Swarming Serratia marcescens
When grown on soft agar (0.7-0.8%) and a rich medium, cells of Serratia marcescens (and other Gram-negative bacteria) elongate, produce more flagella, and move over the surface of the agar in a coordinated manner. Serrawettin, a lipopeptide, appears to be important as a wetting agent. Swarming is more vigorous than in Salmonella, and cells at the very edge of the swarm are more active.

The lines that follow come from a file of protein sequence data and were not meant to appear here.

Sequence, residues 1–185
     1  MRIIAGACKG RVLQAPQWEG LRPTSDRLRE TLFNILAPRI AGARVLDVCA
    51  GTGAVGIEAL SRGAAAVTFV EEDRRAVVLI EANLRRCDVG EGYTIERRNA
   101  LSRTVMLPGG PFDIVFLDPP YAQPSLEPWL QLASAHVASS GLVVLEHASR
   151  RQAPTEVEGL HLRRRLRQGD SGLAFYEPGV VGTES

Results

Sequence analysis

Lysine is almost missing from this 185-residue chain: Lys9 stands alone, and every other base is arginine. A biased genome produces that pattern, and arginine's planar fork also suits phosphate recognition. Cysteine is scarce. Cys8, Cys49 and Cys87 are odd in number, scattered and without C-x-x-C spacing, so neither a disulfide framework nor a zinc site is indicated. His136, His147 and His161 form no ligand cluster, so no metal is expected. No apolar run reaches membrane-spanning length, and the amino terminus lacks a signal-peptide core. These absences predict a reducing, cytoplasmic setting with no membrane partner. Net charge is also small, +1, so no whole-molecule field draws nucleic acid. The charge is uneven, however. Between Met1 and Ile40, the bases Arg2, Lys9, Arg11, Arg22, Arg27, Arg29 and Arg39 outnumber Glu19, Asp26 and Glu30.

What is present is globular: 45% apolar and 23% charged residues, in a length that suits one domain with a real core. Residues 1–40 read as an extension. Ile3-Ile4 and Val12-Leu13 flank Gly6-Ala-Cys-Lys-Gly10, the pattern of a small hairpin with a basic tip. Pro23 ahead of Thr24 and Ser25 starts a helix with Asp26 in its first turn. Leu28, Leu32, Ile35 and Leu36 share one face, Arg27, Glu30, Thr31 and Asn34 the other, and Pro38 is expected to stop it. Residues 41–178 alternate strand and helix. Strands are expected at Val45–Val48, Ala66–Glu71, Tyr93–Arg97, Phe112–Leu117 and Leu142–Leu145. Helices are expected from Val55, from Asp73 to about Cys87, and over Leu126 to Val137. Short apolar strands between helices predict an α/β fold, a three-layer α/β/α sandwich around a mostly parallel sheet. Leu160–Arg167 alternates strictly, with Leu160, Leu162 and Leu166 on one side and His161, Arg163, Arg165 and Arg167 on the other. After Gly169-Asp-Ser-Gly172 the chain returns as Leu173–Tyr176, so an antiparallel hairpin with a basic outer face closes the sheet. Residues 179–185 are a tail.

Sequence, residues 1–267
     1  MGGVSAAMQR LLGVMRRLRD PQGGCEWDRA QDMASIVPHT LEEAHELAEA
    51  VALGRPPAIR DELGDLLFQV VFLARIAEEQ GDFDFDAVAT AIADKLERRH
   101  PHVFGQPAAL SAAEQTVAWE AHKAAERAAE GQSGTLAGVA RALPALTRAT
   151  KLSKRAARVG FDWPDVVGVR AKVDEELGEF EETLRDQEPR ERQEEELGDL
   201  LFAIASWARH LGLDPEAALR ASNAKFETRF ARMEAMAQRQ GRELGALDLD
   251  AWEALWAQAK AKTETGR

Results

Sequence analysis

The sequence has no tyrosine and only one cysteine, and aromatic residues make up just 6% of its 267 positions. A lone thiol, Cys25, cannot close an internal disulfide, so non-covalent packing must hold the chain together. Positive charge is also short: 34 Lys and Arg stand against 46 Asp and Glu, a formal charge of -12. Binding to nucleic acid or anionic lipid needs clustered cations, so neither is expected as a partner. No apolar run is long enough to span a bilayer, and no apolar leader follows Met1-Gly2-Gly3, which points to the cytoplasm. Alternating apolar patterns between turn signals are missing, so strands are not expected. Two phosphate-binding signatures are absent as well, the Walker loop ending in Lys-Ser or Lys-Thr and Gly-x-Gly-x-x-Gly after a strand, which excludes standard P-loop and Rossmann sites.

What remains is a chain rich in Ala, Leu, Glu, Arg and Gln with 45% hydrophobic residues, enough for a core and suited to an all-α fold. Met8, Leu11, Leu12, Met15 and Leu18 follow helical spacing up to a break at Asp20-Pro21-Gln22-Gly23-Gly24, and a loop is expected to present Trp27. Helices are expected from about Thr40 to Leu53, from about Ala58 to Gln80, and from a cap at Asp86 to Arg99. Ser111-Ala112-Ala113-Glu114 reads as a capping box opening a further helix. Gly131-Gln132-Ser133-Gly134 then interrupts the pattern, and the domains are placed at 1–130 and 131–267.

The first video, made in phase contrast, shows spreading near the edge of a swarm. The second video shows that cells removed from a swarm swim vigorously.
Harshey, R. M. Bees aren't the only ones: swarming in Gram-negative bacteria. Mol. Microbiol. 13, 389-394 (1994).
We would like to thank for her help in creating these movies.